WRD 104: Composition & Rhetoric II Rotating Header Image

Arguing for a purpose

To convince and persuade 

Usually a conventional, thesis-driven essay — the conventional academic model has an identifiable thesis, intro, body, conclusion, like the example in your St. Martin’s Handbook; our Op-Ed model is more flexible 

More often than not, out-and-out defeat of another — as in a debate, for example — is not only unrealistic but also undesirable. Rather, the goal is to persuade readers to see an issue in a particular way, or to help them understand, or move them toward some action, or to cause them to be newly interested in your issue.

To reach a decision or explore an issue 

This is where we get to see the writer struggling with an issue and engaging in truth-seeking behavior

Often, a writer must enter into conversation with others and collaborate in seeking the best possible understanding of a problem, exploring all possible approaches and choosing the best alternatives. As all good critical thinkers know, there’s always more than just one side of the story, there’s always more than two sides of the story: there’s always a third side of the story. Some people phrase that as “there’s your truth, there’s my truth, and then there’s the real truth.”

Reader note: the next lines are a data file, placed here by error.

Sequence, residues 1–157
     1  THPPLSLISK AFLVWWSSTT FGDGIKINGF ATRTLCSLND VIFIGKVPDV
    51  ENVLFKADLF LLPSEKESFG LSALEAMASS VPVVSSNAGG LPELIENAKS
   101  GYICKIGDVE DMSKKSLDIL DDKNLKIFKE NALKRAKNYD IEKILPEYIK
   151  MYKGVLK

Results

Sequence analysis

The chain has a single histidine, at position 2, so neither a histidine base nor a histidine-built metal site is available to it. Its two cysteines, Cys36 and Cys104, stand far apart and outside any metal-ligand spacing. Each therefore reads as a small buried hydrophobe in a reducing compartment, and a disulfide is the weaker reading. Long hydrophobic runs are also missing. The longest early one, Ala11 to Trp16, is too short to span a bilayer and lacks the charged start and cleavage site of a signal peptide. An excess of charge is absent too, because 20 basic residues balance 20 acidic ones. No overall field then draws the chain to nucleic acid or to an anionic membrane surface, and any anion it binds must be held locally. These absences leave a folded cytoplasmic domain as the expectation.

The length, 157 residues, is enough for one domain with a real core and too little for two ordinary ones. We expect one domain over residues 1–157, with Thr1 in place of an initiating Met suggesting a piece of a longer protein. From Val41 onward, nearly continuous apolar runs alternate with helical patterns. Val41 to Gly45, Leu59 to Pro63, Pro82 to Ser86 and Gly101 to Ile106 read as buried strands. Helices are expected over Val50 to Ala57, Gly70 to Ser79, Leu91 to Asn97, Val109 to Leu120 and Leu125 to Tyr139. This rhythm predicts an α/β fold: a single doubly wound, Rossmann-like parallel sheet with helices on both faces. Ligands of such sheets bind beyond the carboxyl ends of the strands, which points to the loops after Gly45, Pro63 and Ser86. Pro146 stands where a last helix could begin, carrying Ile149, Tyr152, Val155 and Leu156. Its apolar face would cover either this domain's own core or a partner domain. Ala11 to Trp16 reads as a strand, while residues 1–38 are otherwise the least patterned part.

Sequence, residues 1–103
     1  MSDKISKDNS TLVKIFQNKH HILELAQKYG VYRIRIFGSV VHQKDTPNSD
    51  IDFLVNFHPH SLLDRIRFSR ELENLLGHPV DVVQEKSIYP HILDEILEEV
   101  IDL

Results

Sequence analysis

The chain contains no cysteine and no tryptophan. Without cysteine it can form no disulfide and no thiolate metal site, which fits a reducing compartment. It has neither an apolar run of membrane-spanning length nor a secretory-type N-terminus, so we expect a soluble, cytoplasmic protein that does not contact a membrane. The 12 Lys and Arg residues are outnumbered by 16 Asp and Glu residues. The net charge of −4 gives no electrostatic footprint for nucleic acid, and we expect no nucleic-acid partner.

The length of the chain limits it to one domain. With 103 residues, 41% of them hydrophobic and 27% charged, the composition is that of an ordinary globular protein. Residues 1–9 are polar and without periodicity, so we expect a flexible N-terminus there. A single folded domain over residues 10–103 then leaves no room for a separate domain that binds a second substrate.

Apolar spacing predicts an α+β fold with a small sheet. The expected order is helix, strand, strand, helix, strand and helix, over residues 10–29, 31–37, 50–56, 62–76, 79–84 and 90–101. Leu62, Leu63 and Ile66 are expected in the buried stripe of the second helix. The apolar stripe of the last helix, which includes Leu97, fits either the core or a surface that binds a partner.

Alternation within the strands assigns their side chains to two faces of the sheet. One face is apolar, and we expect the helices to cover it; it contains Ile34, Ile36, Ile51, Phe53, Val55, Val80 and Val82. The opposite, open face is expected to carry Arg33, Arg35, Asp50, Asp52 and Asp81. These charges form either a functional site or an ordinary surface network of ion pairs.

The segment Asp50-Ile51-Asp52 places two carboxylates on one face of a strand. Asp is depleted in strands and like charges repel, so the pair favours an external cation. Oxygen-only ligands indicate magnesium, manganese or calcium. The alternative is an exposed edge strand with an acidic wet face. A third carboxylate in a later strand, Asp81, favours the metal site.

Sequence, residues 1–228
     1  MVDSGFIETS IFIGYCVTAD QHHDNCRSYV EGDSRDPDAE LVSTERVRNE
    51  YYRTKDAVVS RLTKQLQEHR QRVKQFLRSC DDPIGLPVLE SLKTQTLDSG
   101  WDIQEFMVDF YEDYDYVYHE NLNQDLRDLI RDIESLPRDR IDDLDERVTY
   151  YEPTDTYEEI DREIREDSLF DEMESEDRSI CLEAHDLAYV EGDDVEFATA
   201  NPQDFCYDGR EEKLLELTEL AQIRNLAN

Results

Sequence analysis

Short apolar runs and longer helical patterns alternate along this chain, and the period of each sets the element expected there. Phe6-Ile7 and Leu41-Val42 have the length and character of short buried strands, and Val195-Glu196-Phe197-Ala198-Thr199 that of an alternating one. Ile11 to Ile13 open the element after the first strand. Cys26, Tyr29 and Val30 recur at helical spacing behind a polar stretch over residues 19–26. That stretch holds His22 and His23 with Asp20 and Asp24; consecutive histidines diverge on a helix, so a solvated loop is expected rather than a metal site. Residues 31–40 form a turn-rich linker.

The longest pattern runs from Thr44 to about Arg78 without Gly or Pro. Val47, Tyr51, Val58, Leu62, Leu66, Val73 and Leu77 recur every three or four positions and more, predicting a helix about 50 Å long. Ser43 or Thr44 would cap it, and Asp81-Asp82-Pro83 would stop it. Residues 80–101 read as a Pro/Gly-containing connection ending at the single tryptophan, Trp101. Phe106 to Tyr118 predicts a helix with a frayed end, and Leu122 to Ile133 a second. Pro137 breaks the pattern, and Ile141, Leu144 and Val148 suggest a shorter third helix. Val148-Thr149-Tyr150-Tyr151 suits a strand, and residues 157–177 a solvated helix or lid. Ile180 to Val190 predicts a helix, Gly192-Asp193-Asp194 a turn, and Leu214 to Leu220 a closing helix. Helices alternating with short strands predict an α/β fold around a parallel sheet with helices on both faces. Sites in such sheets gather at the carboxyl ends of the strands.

To change yourself

We can think of this one as the “Leslie Jameson model”

Sometimes you will find yourself arguing primarily with yourself, and those arguments often take the form of intense meditations on a theme, or even of prayer. In such cases, you may be hoping to transform something in yourself or to reach peace of mind on a troubling subject.

From your St. Martin’s Handbook — 2.9a “Arguing for a purpose” (p. 186)